The usual mechanisms at the state level for moderating new capital investment in healthcare facilities did not reach air ambulances because air ambulance operators were defined as "air carriers," and the 1980 Airline Deregulation Act preempted state economic regulation of air carriers. (16) So certificate-of-need requirements for new capital investment in healthcare did not apply to air ambulances. The overall result was that air ambulance capacity expanded much more rapidly than the need, and high fixed costs occasioned by the multimillion dollar cost of helicopters and ongoing expenditures for hangers and crew bases was spread over fewer and fewer flights for each operator.
The industry shifted from being predominately hospital-based to being predominately community-based. (17) Almost all community-based air ambulance services are outside provider networks, leaving the patient rather than a third-party payer primarily responsible for paying the fees, which escalated from the $15,000-$20,000 level to the mid $40,000 level as average costs rose due to fewer flights to cover fixed costs.
As price levels increased, air ambulance providers were able to collect a smaller portion of the fees billed to individual patients, and third-party payers reimbursed less and less of the total fee. All HEMS operators get much of their revenue from third-party payers: private healthcare insurers, Medicare, or Medicaid. (18) Medicare reimbursement is more important than suggested by the percentage of revenue accounted for by Medicare payments. Most private health insurers follow Medicare's lead and typically set their reimbursement levels at a fixed percentage, more than 100%, of the Medicare reimbursement rates. (19)
More HEMS operators and helicopters in the face of relatively constant or declining demand means that average costs are increasing much faster than the Medicare and typical insurance reimbursement levels. (20) Utilization has decreased dramatically in the HEMS sector in the last few years. (21) HEMS operators therefore must greatly increase the prices to a diminishing pool of individuals who can afford them. While some individuals may have sufficient liquid assets to pay a $40,000 air ambulance bill, a sudden expense of that magnitude represents a serious disruption to the economic welfare of anyone except the truly wealthy.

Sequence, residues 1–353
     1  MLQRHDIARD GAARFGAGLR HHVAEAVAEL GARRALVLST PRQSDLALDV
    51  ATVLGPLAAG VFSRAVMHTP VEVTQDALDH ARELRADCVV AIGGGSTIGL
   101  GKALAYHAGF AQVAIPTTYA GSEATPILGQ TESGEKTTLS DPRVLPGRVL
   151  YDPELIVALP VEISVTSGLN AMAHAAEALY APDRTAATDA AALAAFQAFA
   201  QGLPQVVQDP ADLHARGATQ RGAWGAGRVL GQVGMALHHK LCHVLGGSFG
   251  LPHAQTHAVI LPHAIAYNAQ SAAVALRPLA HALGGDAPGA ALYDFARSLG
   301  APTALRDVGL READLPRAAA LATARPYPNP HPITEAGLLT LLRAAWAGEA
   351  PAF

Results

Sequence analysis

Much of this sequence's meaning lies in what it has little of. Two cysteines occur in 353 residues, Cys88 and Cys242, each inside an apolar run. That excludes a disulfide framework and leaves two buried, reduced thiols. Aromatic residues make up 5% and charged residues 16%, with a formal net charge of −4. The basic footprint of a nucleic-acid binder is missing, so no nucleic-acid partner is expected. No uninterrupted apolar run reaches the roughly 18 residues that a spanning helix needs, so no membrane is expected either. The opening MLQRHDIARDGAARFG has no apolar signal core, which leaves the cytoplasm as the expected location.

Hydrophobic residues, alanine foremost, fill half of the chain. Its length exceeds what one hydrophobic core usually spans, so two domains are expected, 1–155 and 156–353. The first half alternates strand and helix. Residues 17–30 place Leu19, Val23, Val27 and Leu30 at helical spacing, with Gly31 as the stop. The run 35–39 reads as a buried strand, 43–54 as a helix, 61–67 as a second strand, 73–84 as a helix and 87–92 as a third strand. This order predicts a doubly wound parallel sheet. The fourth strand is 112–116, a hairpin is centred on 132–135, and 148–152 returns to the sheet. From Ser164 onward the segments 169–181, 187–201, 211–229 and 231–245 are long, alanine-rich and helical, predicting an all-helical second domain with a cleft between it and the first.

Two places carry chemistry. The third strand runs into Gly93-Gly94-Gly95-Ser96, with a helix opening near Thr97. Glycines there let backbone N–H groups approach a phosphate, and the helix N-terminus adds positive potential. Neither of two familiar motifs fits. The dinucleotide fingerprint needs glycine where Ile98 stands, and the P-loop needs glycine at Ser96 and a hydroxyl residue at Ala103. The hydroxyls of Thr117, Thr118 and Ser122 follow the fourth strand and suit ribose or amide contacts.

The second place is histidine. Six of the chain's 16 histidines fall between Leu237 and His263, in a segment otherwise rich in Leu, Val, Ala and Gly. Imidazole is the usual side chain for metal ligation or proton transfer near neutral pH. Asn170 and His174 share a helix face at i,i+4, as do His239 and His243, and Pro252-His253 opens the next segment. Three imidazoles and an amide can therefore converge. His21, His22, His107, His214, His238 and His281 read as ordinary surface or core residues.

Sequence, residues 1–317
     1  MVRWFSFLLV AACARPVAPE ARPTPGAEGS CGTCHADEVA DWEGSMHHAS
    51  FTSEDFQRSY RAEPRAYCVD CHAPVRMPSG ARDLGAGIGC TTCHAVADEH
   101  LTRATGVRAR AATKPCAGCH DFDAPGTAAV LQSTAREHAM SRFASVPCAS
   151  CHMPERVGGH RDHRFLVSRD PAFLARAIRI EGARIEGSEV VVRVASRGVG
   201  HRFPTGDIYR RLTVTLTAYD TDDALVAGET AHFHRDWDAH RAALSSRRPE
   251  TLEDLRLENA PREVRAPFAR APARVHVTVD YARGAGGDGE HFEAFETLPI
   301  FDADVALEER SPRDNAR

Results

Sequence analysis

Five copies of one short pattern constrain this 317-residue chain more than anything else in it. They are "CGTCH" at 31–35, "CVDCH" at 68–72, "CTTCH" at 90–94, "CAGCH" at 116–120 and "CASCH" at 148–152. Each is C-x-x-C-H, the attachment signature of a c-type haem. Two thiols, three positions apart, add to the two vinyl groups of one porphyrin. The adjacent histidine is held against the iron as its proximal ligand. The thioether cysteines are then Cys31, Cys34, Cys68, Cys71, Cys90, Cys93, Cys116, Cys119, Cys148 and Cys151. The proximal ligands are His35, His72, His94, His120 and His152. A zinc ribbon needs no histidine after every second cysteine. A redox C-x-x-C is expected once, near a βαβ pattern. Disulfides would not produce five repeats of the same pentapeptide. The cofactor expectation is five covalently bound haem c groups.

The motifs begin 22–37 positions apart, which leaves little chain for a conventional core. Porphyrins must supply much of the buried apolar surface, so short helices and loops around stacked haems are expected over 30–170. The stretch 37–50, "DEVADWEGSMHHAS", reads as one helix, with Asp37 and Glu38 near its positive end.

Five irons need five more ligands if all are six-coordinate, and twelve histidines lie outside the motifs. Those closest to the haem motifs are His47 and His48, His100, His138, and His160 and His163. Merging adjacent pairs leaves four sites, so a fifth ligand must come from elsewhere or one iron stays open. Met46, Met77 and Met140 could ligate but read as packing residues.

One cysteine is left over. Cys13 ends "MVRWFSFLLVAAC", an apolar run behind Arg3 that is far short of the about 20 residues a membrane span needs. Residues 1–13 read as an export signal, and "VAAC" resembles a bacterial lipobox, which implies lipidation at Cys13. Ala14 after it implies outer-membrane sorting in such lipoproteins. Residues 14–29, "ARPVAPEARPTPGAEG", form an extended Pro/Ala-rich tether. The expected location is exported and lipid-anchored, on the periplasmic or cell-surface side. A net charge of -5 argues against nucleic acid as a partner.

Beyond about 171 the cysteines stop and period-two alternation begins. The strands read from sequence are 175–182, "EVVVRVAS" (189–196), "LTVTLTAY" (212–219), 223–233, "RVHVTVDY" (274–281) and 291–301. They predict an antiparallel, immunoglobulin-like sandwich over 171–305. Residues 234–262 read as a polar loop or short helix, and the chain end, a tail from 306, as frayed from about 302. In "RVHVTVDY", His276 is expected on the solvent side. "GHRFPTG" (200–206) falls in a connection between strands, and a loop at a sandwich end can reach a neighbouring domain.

Public opposition to high HEMS bills to individuals is blossoming. The New York Times ran a feature story in 2015 under a headline, Air Ambulances Offer a Lifeline, and Then a Sky-High Bill. (22) ABC News broadcast a feature, Sky-Rage: Bills, Debt, Lawsuits Follow Helicopter Medevac Trips, in 2016. (23) Senators Hoeven from North Dakota and Tester from for Montana, gave back-to-back speeches on the floor of the Senate urging legislation to allow state regulation of air ambulances. (24) Each described instances of large bills and aggressive collection efforts in their state. Senator Hoeven described a HEMS transport after a snowmobile accident resulting in a bill of $40,000, for which the patient's insurer paid $15,000, leaving the patient responsible for $25,000. (25) Senator Hoven also described two instances of interfacility transport resulting in patient liability of $40,000 and $70,000. (26) Senator Tester described a constituent who paid $1,000 per month for healthcare insurance but was presented with a HEMS bill for $85,000. (27) "[T]hey are taking financial advantage of families who are in crisis--families who may be forced to cash out their retirement accounts, drain their life savings, and even sell their homes to cover air ambulance bills that can climb up to $100,000" he said. (28)
As with many other areas of expensive healthcare technology, a debate rages over HEMS, with one side arguing that reimbursement rates are too generous, encouraging an oversupply and overutilization of air ambulances. (29)
The industry, however, claims that it provides a valuable lifesaving service and that, if anything, many areas of the country are still underserved by air ambulances. The industry has endorsed legislation introduced in 2015 (30) that would increase Medicare reimbursement rates by 20% for 2017, and by 5% per year for 2018-2019, (31) and require HEMS providers to submit certain cost data after the increases go into effect. (32)
Air Evac, the second largest operator, sued an Ohio healthcare insurer to compel it to increase its reimbursement rates. (33) Trial on the merits is not likely any time soon, (34) but the filing of the lawsuit reflects the growing sense of a reimbursement crisis in the industry.
In Texas, PHI and other operators abandoned their historical acceptance of the 125%-of-Medicare-rate standard for workers comp reimbursement, established by the state workers compensation division and argued that the workers compensation carriers were...
Medics, markets, and Medicare.
|Author:||Perritt, Henry H., Jr.|